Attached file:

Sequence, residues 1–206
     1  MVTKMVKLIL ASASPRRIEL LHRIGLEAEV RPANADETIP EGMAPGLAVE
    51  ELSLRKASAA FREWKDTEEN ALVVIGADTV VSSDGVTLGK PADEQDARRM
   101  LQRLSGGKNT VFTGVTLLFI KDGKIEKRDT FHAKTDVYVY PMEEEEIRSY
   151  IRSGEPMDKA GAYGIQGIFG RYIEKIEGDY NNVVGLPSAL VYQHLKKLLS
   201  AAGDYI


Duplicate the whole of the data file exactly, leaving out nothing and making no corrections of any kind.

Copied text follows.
Sequence, residues 1–206
     1  MVTKMVKLIL ASASPRRIEL LHRIGLEAEV RPANADETIP EGMAPGLAVE
    51  ELSLRKASAA FREWKDTEEN ALVVIGADTV VSSDGVTLGK PADEQDARRM
   101  LQRLSGGKNT VFTGVTLLFI KDGKIEKRDT FHAKTDVYVY PMEEEEIRSY
   151  IRSGEPMDKA GAYGIQGIFG RYIEKIEGDY NNVVGLPSAL VYQHLKKLLS
   201  AAGDYI